Heading down tricky tracks

He argues that the railcars being on the tracks is dangerous because people cross through them

David Grevy’s letter to the editor in the June 1 Nelson Star regarding crossing of the CPR railyard (“Tracks need to be crossed”) in the vicinity of Cottonwood Creek calls out for a reply if for no other reason than for the safety of children.

Grevy’s arguments are unsound. He would take exception to someone limiting his enjoyment of his own property when used for its intended purpose (the bicycles for instance). Yet he would deny CPR the right to use its property (the railyard in the vicinity of Cottonwood Creek) for the legitimate purpose of serving its customers (a lumber mill, a pulp mill, and the largest lead/zinc refinery in the world).  “Any public input or debate” regarding his or CPR’s use of property would be spurious.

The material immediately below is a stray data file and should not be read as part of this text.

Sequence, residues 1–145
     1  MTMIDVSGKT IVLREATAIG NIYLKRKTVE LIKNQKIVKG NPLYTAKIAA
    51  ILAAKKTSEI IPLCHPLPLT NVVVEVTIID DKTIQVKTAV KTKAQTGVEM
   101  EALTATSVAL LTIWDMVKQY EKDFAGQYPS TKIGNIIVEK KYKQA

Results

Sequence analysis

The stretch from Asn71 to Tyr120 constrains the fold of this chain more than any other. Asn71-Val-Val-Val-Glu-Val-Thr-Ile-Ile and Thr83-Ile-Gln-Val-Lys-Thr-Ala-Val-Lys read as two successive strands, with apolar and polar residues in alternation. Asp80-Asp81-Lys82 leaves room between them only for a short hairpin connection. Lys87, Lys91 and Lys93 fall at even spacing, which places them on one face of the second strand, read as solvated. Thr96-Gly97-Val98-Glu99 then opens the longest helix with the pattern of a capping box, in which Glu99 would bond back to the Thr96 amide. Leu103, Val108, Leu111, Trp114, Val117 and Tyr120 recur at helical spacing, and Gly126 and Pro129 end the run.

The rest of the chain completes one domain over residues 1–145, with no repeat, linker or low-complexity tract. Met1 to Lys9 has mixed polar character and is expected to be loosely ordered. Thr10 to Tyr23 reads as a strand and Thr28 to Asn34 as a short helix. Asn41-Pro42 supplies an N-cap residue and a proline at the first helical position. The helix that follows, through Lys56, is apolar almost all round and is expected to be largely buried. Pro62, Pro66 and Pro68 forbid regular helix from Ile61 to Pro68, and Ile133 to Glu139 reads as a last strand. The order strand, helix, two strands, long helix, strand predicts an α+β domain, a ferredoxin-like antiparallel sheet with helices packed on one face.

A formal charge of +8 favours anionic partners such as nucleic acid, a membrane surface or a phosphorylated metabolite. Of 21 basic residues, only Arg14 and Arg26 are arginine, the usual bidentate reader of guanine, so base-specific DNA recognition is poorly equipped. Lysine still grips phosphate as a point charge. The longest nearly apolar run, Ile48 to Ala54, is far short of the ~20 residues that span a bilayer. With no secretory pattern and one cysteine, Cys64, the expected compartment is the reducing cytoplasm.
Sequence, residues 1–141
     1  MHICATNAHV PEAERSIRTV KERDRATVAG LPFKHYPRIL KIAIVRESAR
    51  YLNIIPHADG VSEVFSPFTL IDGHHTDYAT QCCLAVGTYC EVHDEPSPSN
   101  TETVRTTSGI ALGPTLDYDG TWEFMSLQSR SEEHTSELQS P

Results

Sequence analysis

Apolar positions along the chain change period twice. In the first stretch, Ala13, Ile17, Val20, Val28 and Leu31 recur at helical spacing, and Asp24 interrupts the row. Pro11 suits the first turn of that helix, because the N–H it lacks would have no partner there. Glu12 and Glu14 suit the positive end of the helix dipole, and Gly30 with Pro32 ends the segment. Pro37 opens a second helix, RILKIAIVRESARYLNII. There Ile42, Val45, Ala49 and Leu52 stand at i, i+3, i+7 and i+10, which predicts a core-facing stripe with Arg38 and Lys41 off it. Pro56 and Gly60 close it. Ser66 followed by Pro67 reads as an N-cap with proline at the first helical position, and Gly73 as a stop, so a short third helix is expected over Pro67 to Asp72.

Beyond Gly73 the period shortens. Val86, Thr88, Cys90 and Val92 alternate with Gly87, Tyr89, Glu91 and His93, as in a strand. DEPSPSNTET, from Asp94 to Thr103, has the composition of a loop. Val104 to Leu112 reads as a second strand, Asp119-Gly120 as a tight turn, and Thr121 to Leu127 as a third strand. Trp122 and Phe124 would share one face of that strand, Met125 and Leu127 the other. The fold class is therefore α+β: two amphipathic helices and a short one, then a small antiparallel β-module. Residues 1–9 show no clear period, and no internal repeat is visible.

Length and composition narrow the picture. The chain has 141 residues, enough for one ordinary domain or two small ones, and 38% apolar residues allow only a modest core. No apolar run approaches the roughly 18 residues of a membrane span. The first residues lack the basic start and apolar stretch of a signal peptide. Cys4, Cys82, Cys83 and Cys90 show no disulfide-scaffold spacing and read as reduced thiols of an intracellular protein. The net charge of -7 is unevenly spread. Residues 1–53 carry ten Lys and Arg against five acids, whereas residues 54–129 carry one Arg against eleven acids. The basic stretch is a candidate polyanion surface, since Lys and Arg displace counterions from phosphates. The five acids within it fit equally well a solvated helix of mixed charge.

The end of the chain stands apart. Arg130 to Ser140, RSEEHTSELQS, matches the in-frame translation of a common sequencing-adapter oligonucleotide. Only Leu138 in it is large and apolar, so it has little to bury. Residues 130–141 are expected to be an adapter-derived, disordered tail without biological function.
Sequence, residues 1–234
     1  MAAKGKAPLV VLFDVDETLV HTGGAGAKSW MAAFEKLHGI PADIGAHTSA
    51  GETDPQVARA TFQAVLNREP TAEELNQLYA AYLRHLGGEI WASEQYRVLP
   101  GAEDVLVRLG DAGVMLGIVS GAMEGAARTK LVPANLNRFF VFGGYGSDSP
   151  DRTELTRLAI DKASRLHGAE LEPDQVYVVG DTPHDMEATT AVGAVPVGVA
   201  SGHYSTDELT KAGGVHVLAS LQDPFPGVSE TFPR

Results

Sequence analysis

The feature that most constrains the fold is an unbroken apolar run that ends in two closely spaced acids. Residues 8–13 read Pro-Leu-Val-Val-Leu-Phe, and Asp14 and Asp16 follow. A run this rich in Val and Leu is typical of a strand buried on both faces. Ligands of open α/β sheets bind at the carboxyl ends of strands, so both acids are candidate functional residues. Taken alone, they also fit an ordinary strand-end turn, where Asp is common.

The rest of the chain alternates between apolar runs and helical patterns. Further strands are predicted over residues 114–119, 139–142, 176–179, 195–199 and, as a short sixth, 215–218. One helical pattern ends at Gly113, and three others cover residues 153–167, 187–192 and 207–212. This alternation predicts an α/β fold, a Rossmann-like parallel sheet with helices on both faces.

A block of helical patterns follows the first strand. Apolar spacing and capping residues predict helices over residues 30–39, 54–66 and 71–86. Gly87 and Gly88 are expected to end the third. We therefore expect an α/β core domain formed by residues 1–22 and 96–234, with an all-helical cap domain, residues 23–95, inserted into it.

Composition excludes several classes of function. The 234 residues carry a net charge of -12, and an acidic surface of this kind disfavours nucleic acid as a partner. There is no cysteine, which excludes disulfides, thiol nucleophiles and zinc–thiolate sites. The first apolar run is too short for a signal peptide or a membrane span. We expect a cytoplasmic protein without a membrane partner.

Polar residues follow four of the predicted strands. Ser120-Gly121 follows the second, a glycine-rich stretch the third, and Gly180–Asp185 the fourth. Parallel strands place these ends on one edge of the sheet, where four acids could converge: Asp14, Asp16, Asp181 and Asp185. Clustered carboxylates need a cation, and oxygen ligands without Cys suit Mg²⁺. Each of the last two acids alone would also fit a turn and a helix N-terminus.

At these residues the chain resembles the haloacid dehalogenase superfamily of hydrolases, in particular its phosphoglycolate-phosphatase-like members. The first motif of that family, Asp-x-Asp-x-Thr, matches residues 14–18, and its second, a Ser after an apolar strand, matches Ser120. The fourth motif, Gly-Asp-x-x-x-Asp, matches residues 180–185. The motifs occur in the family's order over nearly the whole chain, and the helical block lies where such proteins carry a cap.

He argues that the railcars being on the tracks is dangerous because people cross through them. There is nothing inherently dangerous about railcars, properly secured, standing on a rail track. It is the action of the people which is dangerous.

His statement regarding “a giant ugly train, parked there for no other reason than to block” clearly indicates that his knowledge of the operation of a railway is deficient. I am a retired CPR employee who has met many other railroaders across Canada and United States. Their jobs are complex and require a great deal of knowledge. Universally among railroaders, one of their greatest concerns is trespassers. Railroaders do not want to take home the knowledge that, while the railroader was on duty, a trespasser was killed or injured.

Each time you cross the railroad tracks at any place other than a public crossing, you are trespassing. In addition, you are teaching your kids to trespass. Please be a responsible and do not trespass on railroad property. Please use Hall Street crossing.

John Neville



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